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I have noticed women in several sefardic communities to stand while their husbands are called up to the synagogue. Yalkut Yosef in Hilkhot Shavuot brings down the halakha of a child or a student standing up for the respect of his parent or teacher.

Is there any source for a woman standing for her husband when called up for aliya?

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Although at first glance, the act of standing by a wife when her husband is called up for an aliyah to the Torah appears to be similar to that of a child or student standing before their parent or teacher out of respect, it is actually coming from a completely different place. And to clarify, this has nothing to do with the subject of mutual respect which exists naturally and normally between a husband and wife.

To understand the concept generally, requires first mentioning one of the details of a common practice by many Jews. Namely the recital of the six remembrances said each day. The second of those is what is stated in Devarim 4:9-10 which says:

רַ֡ק הִשָּׁ֣מֶר לְךָ֩ וּשְׁמֹ֨ר נַפְשְׁךָ֜ מְאֹ֗ד פֶּן־תִּשְׁכַּ֨ח אֶת־הַדְּבָרִ֜ים אֲשֶׁר־רָא֣וּ עֵינֶ֗יךָ וּפֶן־יָס֙וּרוּ֙ מִלְּבָ֣בְךָ֔ כֹּ֖ל י֗וֹם אֲשֶׁ֨ר עָמַ֜דְתָּ לִפְנֵ֨י יְהוָ֣ה אֱלֹהֶיךָ֮ בְּחֹרֵב֒ בֶּאֱמֹ֨ר יְהוָ֜ה אֵלַ֗י הַקְהֶל־לִי֙ אֶת־הָעָ֔ם וְאַשְׁמִעֵ֖ם אֶת־דְּבָרָ֑י אֲשֶׁ֨ר יִלְמְד֜וּן לְיִרְאָ֣ה אֹתִ֗י כָּל־הַיָּמִים֙ אֲשֶׁ֨ר הֵ֤ם חַיִּים֙ עַל־הָ֣אֲדָמָ֔ה וְאֶת־בְּנֵיהֶ֖ם יְלַמֵּדֽוּן׃ יְמֵ֣י חַיֶּ֑יךָ וְהוֹדַעְתָּ֥ם לְבָנֶ֖יךָ וְלִבְנֵ֥י בָנֶֽיךָ׃

But take utmost care and watch yourselves scrupulously, so that you do not forget the things that you saw with your own eyes and so that they do not fade from your mind as long as you live. And make them known to your children and to your children’s children: The day you stood before the L-RD your G-d at Horeb, when the L-RD said to Me, “Gather the people to Me that I may let them hear My words, in order that they may learn to revere Me as long as they live on earth, and may so teach their children.”

To emphasize, this is stated as a negative command (הִשָּׁ֣מֶר לְךָ֩ וּשְׁמֹ֨ר נַפְשְׁךָ֜ מְאֹ֗ד פֶּן־תִּשְׁכַּ֨ח) and women, like men, are obligated in all the negative commandments.

Many of the practices which we have are essentially recreating and replaying what took place, what is described in various parts of the Torah.

When we are called up for an aliyah to the Torah, whether during the week, and even more so on Shabbat, the day of the week that the Torah was actually given, we are replaying what actually took place at Matan Torah.

When a husband is called up to the Torah, it is completely consistent with what the Torah teaches and a good practice that his wife, if present, would also stand. That is because generally speaking, husband and wife are viewed in the Torah as one individual, two parts of one being, like it says in Bereshit 2:23-24.

וַיֹּאמֶר֮ הָֽאָדָם֒ זֹ֣את הַפַּ֗עַם עֶ֚צֶם מֵֽעֲצָמַ֔י וּבָשָׂ֖ר מִבְּשָׂרִ֑י לְזֹאת֙ יִקָּרֵ֣א אִשָּׁ֔ה כִּ֥י מֵאִ֖ישׁ לֻֽקֳחָה־זֹּֽאת׃ עַל־כֵּן֙ יַֽעֲזָב־אִ֔ישׁ אֶת־אָבִ֖יו וְאֶת־אִמּ֑וֹ וְדָבַ֣ק בְּאִשְׁתּ֔וֹ וְהָי֖וּ לְבָשָׂ֥ר אֶחָֽד׃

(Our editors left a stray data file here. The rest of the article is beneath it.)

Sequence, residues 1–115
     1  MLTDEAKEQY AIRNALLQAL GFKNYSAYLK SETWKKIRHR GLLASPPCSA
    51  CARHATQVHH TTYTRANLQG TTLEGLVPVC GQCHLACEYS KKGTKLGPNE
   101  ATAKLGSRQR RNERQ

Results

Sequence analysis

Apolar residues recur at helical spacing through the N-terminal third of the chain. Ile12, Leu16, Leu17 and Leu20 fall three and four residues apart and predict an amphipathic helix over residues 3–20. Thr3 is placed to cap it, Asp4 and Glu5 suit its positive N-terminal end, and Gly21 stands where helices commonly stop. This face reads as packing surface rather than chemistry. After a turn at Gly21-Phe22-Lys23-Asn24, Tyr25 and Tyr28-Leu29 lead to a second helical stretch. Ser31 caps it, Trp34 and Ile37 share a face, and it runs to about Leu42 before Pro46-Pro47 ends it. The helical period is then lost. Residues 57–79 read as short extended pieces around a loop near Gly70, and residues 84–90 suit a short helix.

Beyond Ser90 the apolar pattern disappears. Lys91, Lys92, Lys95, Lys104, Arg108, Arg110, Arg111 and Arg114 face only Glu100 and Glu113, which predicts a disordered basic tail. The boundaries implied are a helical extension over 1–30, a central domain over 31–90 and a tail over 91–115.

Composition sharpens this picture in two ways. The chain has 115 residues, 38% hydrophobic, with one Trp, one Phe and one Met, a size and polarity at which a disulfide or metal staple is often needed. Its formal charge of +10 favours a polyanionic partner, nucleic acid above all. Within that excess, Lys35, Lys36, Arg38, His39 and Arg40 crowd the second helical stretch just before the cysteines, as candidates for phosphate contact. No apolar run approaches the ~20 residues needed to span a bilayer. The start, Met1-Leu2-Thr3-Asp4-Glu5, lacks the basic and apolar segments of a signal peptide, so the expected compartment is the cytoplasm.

Then the man said, “This one at last Is bone of my bones And flesh of my flesh. This one shall be called Wife, For from man was she taken.” Hence a man leaves his father and mother and clings to his wife, so that they become one flesh.

But then the logical question that follows this is, if so, why doesn't the wife actually ascend the Bimah?

But this is to fulfill in a complete way what the Torah recounts in Shemot 20:15-16, which says:

וְכָל־הָעָם֩ רֹאִ֨ים אֶת־הַקּוֹלֹ֜ת וְאֶת־הַלַּפִּידִ֗ם וְאֵת֙ ק֣וֹל הַשֹּׁפָ֔ר וְאֶת־הָהָ֖ר עָשֵׁ֑ן וַיַּ֤רְא הָעָם֙ וַיָּנֻ֔עוּ וַיַּֽעַמְד֖וּ מֵֽרָחֹֽק׃ וַיֹּֽאמְרוּ֙ אֶל־מֹשֶׁ֔ה דַּבֵּר־אַתָּ֥ה עִמָּ֖נוּ וְנִשְׁמָ֑עָה וְאַל־יְדַבֵּ֥ר עִמָּ֛נוּ אֱלֹהִ֖ים פֶּן־נָמֽוּת׃

All the people witnessed the thunder and lightning, the blare of the horn and the mountain smoking; and when the people saw it, they fell back and stood at a distance. “You speak to us,” they said to Moses, “and we will listen; but let not God speak to us, lest we die.”

וְכָל־הָעָם֩ (All the people) is also referring to the complete person, meaning in the case of husband and wife, the wife.

And just as it indicates in the written Torah, the wife stands and listens from a distance while her husband, like Moshe Rabbeinu, approaches and ascends.

  • Why doesnt the askenazim dont accept that tradition? And do we have any halachic source for it? – Rh Haokip May 13 at 16:16
  • @RhHaokip My guess would be not that such behavior is rejected by anyone from any minhag, but rather that it simply isn't known or thought about by many people. In my personal experience as I reflect about it, I have seen an occasional wife, here or there, standing when her husband receives an aliyah. The local minyan is predominantly Ashkenazim. And in fact, the basis for the practice, the 6 Remembrances, is also recounted in Semak (Sefer Mitzvot Katan) 15:2, which is followed by Ashkenazim and is part of nusach Ashkenaz in the siddur. – Yaacov Deane May 13 at 18:01
  • Regarding Semak: en.wikipedia.org/wiki/Isaac_ben_Joseph_of_Corbeil – Yaacov Deane May 13 at 18:09

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